This is the first post in our Buffalo History blog series. The series will focus on explaining how the city of Buffalo has grown and changed over the past few centuries and how its cultural and industrial heritage has shaped the city it is today.
Buffalo is known as the “City of Light,” but even most locals probably couldn’t tell you why.
Due in large part to its proximity to Niagara Falls, NY, Buffalo earned its nickname when it became the first city to have widespread streetlights in in the late 19th century.
Niagara Falls Helps Supply Electricity to Buffalo
According to the Engineering and Technology Wiki, in 1881 the Brush Electric Light Company of Buffalo installed the first electric plant in Buffalo on Ganson Street along the city’s waterfront. This included twelve carbon arc lights extending a mile along the street.
During this time, Niagara Falls power plants were forming and becoming the backbone of the city’s economy.
The greatest source of renewable energy on the Niagara Frontier is at Niagara Falls, with the energy of falling water estimated at six million horsepower. This natural resource supplied abundant cheap power, which spawned an entirely new industry in Niagara Falls: the electrochemical industry, according to the University of Buffalo Library.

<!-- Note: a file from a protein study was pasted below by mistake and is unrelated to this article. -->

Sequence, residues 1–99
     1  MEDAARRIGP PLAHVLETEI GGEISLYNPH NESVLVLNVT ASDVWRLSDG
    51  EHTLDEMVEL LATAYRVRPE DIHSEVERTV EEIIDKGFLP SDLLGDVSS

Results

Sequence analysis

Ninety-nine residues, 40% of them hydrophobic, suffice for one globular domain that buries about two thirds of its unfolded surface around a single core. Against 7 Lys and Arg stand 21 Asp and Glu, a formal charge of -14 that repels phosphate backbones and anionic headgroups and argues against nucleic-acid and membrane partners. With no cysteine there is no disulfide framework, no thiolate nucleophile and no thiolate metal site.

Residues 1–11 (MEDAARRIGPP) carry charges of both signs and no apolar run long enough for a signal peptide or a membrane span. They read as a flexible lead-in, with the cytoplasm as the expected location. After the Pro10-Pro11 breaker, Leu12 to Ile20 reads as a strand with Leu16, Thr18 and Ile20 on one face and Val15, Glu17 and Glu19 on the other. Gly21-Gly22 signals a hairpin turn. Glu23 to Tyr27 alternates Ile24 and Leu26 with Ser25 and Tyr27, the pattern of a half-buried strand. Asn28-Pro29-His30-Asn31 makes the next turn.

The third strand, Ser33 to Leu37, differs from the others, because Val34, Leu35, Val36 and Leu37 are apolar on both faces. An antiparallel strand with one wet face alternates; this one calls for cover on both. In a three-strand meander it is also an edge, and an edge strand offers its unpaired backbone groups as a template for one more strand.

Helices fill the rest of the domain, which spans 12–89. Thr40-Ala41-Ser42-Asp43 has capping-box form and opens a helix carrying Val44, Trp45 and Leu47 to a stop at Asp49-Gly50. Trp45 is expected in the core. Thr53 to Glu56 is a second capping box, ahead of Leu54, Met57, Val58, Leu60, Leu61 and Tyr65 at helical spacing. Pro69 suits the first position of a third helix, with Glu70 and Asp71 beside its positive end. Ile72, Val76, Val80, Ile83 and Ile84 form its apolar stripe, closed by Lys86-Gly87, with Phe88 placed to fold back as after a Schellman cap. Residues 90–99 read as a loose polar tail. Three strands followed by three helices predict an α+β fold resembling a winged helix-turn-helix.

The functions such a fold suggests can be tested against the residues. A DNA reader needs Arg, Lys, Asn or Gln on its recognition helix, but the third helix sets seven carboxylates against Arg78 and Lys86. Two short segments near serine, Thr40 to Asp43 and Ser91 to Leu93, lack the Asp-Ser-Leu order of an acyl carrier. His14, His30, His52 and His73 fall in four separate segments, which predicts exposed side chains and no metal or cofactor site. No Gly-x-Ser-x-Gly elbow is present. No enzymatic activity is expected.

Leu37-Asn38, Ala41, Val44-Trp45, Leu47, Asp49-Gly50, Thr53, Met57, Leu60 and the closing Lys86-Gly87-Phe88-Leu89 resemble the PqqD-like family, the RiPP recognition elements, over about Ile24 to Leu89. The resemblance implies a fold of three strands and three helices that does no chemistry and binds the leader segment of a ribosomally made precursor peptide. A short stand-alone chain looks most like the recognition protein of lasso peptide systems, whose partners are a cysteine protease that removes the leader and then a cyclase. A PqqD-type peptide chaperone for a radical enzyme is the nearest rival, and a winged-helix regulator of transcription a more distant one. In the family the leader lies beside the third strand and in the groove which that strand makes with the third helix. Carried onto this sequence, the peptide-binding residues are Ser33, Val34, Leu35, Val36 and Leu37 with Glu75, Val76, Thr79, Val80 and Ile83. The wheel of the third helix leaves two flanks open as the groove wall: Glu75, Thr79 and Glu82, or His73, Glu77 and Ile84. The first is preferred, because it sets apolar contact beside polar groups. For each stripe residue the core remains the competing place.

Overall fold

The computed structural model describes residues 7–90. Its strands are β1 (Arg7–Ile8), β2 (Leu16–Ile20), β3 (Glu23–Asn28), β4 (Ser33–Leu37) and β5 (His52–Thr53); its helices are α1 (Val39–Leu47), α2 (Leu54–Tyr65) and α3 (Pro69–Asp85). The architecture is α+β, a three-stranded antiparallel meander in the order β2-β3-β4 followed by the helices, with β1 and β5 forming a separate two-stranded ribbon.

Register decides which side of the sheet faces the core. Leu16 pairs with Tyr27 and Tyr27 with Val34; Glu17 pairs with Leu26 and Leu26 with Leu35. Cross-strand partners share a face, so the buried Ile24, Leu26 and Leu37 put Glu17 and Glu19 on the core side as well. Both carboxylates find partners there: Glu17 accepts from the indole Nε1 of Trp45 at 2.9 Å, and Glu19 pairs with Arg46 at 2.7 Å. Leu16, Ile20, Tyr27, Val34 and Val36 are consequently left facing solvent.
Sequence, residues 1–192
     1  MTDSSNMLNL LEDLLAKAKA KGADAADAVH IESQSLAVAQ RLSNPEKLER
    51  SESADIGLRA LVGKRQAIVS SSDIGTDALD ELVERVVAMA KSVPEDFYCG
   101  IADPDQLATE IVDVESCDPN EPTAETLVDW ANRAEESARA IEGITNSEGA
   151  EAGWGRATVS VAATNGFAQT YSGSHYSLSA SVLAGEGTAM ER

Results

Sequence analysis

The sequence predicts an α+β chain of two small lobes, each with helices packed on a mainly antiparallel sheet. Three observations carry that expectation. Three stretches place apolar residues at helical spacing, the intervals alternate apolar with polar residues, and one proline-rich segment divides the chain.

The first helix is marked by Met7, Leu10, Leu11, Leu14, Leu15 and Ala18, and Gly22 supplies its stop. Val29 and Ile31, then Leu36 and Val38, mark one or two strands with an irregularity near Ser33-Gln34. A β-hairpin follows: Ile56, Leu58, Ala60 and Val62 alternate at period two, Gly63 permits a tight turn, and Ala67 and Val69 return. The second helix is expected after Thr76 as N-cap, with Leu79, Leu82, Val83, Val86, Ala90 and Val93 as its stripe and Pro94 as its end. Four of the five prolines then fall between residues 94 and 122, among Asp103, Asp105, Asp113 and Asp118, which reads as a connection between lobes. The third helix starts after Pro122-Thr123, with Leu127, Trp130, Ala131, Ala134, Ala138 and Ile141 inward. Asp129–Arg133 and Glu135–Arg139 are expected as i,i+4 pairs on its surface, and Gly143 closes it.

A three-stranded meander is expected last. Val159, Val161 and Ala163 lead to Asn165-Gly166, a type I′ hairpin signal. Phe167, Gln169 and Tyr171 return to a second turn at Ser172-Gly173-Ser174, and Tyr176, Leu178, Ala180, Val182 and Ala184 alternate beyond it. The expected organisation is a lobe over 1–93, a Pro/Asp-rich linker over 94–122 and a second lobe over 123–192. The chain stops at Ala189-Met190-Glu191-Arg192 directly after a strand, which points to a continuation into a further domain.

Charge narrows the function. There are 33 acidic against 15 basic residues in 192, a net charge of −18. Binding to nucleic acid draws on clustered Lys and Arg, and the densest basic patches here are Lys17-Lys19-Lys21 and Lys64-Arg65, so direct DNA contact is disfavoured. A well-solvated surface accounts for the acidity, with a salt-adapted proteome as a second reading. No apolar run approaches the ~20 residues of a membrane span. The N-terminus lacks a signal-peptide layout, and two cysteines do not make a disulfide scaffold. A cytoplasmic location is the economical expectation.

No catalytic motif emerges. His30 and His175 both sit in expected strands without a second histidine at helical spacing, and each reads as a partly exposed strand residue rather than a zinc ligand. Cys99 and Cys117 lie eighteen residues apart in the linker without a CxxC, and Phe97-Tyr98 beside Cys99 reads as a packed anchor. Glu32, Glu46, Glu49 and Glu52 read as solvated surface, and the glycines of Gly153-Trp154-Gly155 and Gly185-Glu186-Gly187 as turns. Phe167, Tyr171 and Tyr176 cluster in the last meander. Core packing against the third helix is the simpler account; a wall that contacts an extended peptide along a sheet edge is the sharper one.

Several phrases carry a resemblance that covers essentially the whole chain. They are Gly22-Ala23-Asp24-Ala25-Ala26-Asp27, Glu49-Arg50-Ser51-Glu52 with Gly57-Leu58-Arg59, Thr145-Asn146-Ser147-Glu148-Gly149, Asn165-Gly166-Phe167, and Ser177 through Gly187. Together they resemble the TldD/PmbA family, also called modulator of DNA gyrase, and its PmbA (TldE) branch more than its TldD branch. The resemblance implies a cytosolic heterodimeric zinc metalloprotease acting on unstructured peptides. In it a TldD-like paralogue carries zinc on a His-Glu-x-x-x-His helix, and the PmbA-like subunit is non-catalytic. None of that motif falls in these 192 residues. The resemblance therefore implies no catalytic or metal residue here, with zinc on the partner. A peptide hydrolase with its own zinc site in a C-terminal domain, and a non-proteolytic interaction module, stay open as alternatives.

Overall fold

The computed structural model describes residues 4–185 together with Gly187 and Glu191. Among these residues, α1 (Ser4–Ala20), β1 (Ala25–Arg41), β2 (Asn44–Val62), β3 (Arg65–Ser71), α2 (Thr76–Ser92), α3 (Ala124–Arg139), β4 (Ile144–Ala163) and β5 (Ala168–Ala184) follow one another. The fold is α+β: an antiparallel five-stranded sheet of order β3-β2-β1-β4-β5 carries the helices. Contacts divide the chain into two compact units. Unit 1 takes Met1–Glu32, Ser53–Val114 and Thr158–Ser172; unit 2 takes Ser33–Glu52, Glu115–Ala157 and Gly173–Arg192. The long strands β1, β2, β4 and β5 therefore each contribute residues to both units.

Nikola Tesla, along with George Westinghouse, designed the first hydroelectric power plant in Niagara Falls. The Niagara Falls Power Company plant was built in 1895 and “started the electrification of the world,” according to the Tesla Society.
On November 15, 1896, the first transmission of power from Niagara Falls, NY to Buffalo occurred, with power supplied from the Niagara Falls Power Company.
The expansion of power allowed electric streetlights to become widespread, helping Buffalo earn its nickname as the “City of Light.” It also helped spur further industrial development in Buffalo and all of Western New York.
Power Fuels Buffalo Industry
As a result of its industry and state-of-the-art electricity, by the end of the nineteenth century, Buffalo was considered a thriving metropolis on the forefront of technological progress. The expansion of power particularly benefited the city’s grain industry, a key part of its economy during this time.
All of this led to Buffalo hosting an enormous world’s fair, the Pan-American Exposition, in 1901, in what is now Delaware Park. Buffalo’s power transmission system allowed designers to light the Exposition using power from Niagara Falls.
While today we take the streetlights of Buffalo for granted as we walk to our cars from a Sabres game or see a late show at Shea’s, without them (and the power supplied by Niagara Falls), Buffalo would not have become the boomtown it was in the early 20th century.
As Buffalo continues to shine brighter with all of its new development currently underway, it’s important to remember the city’s roots and understand how much it once depended on nearby Niagara Falls–and still does to this day.